In the garden: This is the time to give someone is the Amaryllis

Scott Eckert

A big bulb makes a big flower!  Christmas time is upon us and it’s time to think about gifts. For friends, family, and horticulturists!  This time of year one the best flowers you can give someone is the Amaryllis.

Amaryllis (Hippeastrum) is also known as Barbados Lily. Although available year-round, the textured, large bell-shaped flowers make excellent cut flowers and container plants, especially around Christmas. Amaryllis come in a wide variety of colors and color combinations, with tall varieties and hybrid varieties that bloom quickly on short stems.

The most common practice is to grow amaryllis in containers for winter blooming.  Start with a quality bulb.  Properly cared for, amaryllis bulbs produce for decades and may bear up to six flowers on a single stalk, each flower capable of becoming 6 inches in diameter.  Two stalks per bulb are typical. Potting the bulb can be done any time after a two month dormant or rest period.  The bulb usually becomes dormant in late summer.

The bulb and soil should be dry at the time of planting, and offshoots can be removed and potted separately if desired.  Use a small pot, with only an inch between the bulb and the pot. Enough room for your thumb is a good rule.  Use well-drained potting soil, and plant the bulb so that one-half to two-thirds of the bulb neck is above the soil line.  Leave about 1/2 inch of space between the soil the pot rim to facilitate watering.  Thoroughly water after potting and keep the soil slightly moist until flowering. When flowering begins, increase watering frequency.

Amaryllis prefers bright sunlight and temperatures between 70 and 75 degrees. After flowering begins, cooler temperatures (65 degrees to as low as 40 degrees) will prolong the life of the flowers.  As the plant grows, rotate the pot to keep the flower stalk straight because it will want to grow toward the light.  Staking may be required if the variety is tall or the plant stretches due to too much nitrogen or too little light.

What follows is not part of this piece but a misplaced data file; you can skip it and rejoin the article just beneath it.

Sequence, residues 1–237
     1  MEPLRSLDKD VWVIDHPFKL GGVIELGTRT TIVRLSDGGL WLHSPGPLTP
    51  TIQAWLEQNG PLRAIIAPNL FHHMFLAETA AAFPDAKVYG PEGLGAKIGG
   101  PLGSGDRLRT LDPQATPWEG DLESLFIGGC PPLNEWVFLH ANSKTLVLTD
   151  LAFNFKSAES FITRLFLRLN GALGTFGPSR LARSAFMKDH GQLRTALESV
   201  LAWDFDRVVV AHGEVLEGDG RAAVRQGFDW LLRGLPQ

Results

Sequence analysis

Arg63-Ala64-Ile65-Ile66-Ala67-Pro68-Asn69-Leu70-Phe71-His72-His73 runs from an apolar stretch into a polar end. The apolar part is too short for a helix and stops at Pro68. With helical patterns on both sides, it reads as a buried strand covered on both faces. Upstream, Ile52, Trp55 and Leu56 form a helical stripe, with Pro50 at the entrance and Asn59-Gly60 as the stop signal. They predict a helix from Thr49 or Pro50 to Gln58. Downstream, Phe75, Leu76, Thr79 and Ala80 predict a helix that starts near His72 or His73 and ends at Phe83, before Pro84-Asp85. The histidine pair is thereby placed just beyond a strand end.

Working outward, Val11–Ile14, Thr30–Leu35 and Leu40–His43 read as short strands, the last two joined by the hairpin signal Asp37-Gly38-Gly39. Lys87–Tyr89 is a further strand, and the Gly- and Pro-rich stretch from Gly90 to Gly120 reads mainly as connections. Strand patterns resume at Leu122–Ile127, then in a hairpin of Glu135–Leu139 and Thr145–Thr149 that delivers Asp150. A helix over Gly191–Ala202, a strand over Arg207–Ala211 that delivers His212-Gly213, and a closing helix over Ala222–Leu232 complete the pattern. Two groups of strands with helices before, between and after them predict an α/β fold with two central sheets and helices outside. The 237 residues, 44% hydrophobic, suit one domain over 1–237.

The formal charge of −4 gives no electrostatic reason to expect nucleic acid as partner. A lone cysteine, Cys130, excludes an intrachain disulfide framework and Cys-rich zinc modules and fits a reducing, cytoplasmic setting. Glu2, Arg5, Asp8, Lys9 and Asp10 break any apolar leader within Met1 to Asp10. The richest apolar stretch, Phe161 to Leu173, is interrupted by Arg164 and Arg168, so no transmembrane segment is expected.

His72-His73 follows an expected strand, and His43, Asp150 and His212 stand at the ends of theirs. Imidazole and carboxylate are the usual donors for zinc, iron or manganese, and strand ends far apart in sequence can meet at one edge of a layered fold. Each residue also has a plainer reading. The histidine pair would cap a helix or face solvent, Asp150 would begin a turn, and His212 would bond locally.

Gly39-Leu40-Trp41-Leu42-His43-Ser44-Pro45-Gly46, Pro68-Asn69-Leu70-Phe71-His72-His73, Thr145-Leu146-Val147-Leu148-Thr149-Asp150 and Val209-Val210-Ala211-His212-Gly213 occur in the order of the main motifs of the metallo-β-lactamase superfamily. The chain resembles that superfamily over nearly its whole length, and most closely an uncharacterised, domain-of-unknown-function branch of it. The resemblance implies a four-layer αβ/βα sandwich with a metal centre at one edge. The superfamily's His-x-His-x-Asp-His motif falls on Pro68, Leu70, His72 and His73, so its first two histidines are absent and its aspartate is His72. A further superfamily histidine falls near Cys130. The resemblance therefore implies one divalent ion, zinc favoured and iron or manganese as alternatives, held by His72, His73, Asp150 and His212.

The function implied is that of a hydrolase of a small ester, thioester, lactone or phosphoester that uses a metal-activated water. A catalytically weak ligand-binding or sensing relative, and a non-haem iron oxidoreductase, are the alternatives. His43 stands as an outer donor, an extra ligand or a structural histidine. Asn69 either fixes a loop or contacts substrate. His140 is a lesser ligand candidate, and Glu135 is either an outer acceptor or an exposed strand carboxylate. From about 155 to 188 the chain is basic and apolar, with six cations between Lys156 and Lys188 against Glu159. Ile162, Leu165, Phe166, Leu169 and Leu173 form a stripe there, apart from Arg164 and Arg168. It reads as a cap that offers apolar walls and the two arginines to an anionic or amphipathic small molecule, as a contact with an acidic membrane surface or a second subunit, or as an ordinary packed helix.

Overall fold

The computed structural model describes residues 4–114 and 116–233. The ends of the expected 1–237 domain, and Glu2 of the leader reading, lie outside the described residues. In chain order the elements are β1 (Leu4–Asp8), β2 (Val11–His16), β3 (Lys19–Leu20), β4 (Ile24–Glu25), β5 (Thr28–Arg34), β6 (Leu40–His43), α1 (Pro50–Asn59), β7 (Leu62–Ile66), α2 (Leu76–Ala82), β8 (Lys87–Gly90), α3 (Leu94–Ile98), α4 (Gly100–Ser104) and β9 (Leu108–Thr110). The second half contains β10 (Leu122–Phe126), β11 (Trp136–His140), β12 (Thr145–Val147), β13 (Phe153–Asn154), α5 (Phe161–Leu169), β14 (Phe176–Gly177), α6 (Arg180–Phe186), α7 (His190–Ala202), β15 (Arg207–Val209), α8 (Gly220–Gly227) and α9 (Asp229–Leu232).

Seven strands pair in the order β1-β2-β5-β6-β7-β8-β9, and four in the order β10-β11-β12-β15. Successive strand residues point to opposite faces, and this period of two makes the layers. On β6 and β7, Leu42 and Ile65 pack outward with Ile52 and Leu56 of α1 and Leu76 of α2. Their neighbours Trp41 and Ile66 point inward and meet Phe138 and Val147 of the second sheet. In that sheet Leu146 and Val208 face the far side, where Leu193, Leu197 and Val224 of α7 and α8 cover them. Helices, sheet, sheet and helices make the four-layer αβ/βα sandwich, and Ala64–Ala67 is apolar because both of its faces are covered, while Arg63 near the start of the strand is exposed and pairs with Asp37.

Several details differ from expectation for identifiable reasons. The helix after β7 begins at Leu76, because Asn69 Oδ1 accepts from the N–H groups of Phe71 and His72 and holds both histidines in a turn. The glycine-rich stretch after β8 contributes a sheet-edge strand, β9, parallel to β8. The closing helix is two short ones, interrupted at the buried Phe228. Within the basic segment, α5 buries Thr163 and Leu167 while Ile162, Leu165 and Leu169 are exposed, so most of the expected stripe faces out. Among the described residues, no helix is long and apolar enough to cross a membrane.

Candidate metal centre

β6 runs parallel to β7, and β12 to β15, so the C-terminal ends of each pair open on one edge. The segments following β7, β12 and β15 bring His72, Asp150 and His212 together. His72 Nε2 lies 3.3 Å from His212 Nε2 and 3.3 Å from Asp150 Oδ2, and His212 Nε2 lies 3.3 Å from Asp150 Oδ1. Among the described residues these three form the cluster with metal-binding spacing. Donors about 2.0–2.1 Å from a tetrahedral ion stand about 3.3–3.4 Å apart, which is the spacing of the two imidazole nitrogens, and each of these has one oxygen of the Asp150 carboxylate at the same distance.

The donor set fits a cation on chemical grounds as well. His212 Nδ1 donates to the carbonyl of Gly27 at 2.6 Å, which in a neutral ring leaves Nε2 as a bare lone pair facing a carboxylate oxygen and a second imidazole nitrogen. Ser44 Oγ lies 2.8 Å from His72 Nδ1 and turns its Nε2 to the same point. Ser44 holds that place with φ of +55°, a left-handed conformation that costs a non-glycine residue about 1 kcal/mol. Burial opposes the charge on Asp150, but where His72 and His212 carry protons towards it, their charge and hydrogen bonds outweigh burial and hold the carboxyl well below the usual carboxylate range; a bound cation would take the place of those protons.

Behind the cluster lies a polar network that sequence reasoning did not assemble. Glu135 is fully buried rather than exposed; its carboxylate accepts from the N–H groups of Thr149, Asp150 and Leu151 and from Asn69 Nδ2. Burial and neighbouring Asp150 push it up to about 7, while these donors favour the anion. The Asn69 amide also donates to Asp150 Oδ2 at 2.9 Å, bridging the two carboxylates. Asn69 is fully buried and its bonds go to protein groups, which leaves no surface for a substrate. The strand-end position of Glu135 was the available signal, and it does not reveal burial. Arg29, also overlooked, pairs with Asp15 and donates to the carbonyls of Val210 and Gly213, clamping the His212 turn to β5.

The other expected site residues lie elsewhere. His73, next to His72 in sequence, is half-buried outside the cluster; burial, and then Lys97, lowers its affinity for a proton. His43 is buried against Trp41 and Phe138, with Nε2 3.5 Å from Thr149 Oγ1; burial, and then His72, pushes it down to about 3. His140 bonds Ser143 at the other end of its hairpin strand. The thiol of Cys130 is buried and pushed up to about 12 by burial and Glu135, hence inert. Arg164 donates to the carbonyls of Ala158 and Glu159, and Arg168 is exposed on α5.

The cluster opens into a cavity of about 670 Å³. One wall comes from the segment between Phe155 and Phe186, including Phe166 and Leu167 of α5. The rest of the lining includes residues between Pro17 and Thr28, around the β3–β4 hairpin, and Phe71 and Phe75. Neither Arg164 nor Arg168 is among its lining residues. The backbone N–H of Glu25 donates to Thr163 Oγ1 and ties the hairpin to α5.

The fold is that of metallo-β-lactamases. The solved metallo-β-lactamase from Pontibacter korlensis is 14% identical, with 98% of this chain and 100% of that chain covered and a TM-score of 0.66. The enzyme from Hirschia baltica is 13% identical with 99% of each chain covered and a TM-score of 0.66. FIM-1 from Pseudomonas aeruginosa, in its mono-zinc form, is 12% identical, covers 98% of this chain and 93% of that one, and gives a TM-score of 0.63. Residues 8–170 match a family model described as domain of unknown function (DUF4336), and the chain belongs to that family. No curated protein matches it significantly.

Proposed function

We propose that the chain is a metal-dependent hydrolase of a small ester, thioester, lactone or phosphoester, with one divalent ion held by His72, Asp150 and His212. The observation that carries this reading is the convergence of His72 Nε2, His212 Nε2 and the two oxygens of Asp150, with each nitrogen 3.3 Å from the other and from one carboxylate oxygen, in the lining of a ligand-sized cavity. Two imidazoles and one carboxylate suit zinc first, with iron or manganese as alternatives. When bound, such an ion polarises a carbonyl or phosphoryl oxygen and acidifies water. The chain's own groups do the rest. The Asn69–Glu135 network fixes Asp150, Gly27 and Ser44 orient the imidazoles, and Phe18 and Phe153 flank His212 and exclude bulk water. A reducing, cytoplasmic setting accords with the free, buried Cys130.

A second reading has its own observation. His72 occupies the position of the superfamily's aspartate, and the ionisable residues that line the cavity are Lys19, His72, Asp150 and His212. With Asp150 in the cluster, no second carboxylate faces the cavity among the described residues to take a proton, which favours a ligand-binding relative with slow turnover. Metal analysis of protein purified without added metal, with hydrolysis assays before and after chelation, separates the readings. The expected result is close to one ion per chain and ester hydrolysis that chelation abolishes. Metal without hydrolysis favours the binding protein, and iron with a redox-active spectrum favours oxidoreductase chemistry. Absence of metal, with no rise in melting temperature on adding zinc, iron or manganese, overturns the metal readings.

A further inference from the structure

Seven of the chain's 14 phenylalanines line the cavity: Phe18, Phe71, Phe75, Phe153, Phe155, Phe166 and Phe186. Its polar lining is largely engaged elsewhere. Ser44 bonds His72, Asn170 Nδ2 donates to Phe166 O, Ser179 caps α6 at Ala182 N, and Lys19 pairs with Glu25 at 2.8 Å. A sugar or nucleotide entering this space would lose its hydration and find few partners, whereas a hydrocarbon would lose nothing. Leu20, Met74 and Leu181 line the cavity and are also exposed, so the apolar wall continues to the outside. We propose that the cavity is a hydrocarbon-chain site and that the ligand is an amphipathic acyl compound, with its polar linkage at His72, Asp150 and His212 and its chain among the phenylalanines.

Plants will bloom 6 to 8 weeks after potting.  Apply a water soluble, liquid all-purpose fertilizer at half rate after the bulb has sprouted and at six-week intervals thereafter.

After each stalk of flowers has peaked and begun to fade, cut the stalk off 2 inches from the base.  The plant can be grown indoors for the rest of the winter and then set outdoors in a sunny location in the spring after any chance of frost.  As the plant begins to decline during the summer, allow the foliage to droop and yellow so the bulb will mature.  Restrict watering as the bulb begins its resting period.  Bring the bulbs indoors in September and store for at least two months in a cool dark location.  Cut off the foliage after it has wilted and died.

After the rest period, the process can begin again. If needed, the bulb can be repotted, or a small amount of soil can be added to replace soil that washed away or settled out.

Used as cut flowers, amaryllis will last for 6 to 12 days.  Cut the stem neatly with a sharp knife and place into a tall container filled with water almost hot to the touch.  Let the water cool for a few hours and then arrange.  Amaryllis does best if not arranged in floral foam.  Re-cut the stems every two to three days and repeat the hot water treatment.  Keep flowers in a cool location at night.

Scott Eckert

null— Scott Eckert is a Kansas State Research and Extension Agent for Harvey County. Horticuture is his specialty.